On the eleventh day, of the eleventh month, at the eleventh hour in 1918, hostilities in World War I ceased under an accorded armistice. Also known as “The Great War”, given its unseen brutality (for that time), this global conflict was characterized by many as “the war to end all wars”. Premised upon that belief, President Woodrow Wilson proclaimed the following year, on the 11th of November, the commemoration of Armistice Day.
This celebration of a “peace agreement-process” ignored the historical fact that most wars are ultimately fought because of flawed political policies drafted in peacetime. After two excruciating and back-to-back wars to fight the evils of fascism and communism in World War II (1939-1945) and the Korean War (1950-1953), the 83rd American Congress in 1954 passed legislation (Public Law 380) amending the 1938 act which designated November 11, a federal holiday. Of seminal importance was the substitution of the word “Armistice” for “Veterans”.
Since genuine “peace” can only be found in a state of justice where there is freedom, the certitude that only a soldier can secure that real peace when the perils to a free society are of the greatest gravity, the replacement of a national commemoration for veterans instead of a vague and abstract “peace” chimera, could not be more fitting.
Often confused with Memorial Day which is a solemn festivity which honors all those that have given their life for their country while serving in the Armed Forces (celebrated on the first Monday in May), Veteran’s Day honors all persons, living and dead, who have served in each of America’s military branches. While affording the ultimate sacrifice is the requisite for being honored on Memorial Day, a great many veterans that do not die in combat bear, nonetheless, the scars of war and pay a huge, lifetime price so that many can be free and live peacefully in a just society. Thus, the importance of Veteran’s Day which serves to highlight the contributions made by soldiers, airmen, and sailors is paramount to the permanency of a free republic.
Over 45 million persons have served in the United States Armed Forces, according to the Department of Veteran’s Affairs, since 1775 (updated 2016). Fighting in over 13 major wars, dozens of other smaller armed conflicts, and targeted maneuvers, as well as assisting freedom fighters and partaking in joint and multilateral defense operations across the planet, it is safe to conclude that, for the most part, the gratitude owed to an American soldier, is a global obligation.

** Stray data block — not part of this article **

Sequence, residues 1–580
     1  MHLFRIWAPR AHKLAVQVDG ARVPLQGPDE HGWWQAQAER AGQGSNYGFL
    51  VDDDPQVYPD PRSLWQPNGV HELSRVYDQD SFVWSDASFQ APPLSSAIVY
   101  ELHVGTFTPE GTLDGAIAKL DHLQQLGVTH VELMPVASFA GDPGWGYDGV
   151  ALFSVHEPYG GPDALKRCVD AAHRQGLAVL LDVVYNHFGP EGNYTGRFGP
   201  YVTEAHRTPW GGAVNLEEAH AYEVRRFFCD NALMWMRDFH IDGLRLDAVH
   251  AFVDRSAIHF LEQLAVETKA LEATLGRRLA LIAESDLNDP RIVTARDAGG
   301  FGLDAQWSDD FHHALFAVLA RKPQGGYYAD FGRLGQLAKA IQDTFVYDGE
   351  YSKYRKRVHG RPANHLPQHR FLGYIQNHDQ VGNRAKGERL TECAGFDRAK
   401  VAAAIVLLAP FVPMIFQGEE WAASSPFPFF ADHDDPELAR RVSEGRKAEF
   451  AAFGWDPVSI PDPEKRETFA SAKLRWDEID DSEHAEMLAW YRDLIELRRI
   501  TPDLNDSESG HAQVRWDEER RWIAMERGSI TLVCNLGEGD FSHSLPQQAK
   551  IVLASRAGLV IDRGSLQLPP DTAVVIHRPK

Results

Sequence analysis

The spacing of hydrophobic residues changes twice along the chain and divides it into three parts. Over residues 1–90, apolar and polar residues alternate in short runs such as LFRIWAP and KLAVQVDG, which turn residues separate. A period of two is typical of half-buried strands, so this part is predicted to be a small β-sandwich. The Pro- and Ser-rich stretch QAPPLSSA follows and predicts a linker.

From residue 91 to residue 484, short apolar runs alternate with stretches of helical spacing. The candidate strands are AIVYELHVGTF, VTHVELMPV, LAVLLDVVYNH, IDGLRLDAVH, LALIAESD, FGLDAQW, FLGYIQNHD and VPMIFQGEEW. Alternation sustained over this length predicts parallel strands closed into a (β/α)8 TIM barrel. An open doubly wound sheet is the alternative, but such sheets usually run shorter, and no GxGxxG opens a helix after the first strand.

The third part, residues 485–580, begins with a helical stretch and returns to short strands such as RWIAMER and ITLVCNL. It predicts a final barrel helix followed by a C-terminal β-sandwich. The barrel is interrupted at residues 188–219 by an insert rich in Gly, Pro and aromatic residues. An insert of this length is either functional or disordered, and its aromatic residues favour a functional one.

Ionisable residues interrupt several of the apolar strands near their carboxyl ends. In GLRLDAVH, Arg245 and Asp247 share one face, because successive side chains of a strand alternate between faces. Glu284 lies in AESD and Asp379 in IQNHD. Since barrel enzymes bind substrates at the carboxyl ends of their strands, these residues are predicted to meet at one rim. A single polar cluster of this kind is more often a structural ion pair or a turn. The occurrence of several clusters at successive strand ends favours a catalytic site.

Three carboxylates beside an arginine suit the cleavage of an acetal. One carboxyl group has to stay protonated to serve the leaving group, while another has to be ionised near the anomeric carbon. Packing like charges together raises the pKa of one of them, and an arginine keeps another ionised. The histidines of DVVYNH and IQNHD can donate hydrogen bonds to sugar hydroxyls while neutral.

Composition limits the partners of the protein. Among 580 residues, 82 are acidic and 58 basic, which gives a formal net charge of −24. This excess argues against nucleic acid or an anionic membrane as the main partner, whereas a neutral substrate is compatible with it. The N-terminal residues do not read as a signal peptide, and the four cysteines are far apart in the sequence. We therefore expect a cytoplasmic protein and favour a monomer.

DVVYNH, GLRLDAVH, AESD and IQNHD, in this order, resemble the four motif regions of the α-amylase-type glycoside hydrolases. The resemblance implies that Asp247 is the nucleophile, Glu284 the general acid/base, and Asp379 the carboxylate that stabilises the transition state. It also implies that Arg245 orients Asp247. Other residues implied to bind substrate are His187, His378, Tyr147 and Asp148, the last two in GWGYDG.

Americans are keen on appreciating the service of the military to the nation. Undoubtedly, this upsets America-haters and other deconstructionists. A March 2019 Pew Research poll shows that 72 % of Americans support being generous with veteran’s benefits programs, more so than with other social spending schemes. A grateful society to the peacekeepers and defenders of freedom has become a hallmark of America, as witnessed by the monuments, parks, museums, and commemoration events throughout the national territory.
Often said and not often enough pondered on, the truth is that freedom is not free. The extract from the Pledge of Allegiance, “…and to the Republic for which it stands, one Nation under God, indivisible with liberty and justice for all”, conveys an awesome responsibility to the entire citizenry. However, it falls in greater weight upon the shoulders of the Armed Forces to face those gravest of threats to uphold that oath to the United States flag, nation, and the American way of life. After thanking God, when you see a military service person, active-duty or retired, say thank you soldier! Soldiers are America’s freedom guardians.